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Google Pushes “Text Fragment Links” with New Chrome Extension

Google has been concocting an extension to the “Text Fragments” URL standard. The new link style will allow you to link not only to a page but to specific text on a page, which will automatically be scrolled to and highlighted once the page is loaded. This is like an anchor link, but with anyone’s emphasis.

The function has been in fact supported in Chrome since version 80, reaching the stable channel in February. Now a new Google extension makes this new form of connection simple to build, which will function for everyone else using Chrome on desktop OS and iOS. Google has proposed the concept to W3C and hopes it will be embraced by other browsers, but even if they don’t, the connections are backward compatible.

The syntax in this URL looks rather unusual. The magic is in the string “#: ~:text=” after the URL, and then whatever text you wish to match. So, this will look like a complete link:

https://en.wikipedia.org/wiki/Cat#:~:text=Most breeds of cats have a noted fondness for sitting in high places

If you copy and paste it into Chrome, the browser would then open the cat page for Wikipedia, scroll to its first text that matches “Most cat breeds have a noted fondness for sitting in high places” and point it out. If nothing matches the text, the page will still load. Backward-compatibility tends to work because search engines assist the number sign (#) as a fragment of the URL.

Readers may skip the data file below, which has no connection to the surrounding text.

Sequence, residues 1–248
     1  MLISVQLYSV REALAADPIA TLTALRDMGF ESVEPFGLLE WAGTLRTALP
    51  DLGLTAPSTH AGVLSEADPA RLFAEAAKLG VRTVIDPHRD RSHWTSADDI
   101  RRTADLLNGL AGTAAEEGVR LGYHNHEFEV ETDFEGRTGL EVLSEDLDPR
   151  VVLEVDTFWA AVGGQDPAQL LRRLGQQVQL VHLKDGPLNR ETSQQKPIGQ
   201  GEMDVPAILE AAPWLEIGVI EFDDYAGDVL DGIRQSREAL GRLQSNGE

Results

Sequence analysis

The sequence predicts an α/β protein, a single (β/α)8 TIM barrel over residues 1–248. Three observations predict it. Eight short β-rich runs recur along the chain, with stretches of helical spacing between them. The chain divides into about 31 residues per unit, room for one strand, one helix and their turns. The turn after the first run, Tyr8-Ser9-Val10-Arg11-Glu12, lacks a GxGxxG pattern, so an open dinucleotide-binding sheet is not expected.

When you paste this into some kind of browser that does not support it, the page will still load and it will just ignore everything after the number sign as a bad anchor link. So far, pretty good.

One issue is that this means you can have spaces within a URL.

URL parsers now have a shot at linkifying this correctly, but it looks like a mess:

https://en.wikipedia.org/wiki/Cat#:~:text=Most%20breeds%20of%20cat%20have%20a%20noted%20fondness%20for%20sitting%20in%20high%20places.

Spaces aren’t the only characters that could cause issues. The standard RFC 3986 defines several “reserved” characters in a URL as having a particular meaning, so they should not be in a URL. Web page authoring tools tend to solve these characters automatically, but that you’re now inserting arbitrary phrases in a URL to highlight, you’re more likely to run into one of those characters: ! * ‘ ( ) ; : @ & = + $ , / ? # [ ].

They all need to be encoded percentage-wise for the URL to function and Google’s extension will take care of that for you.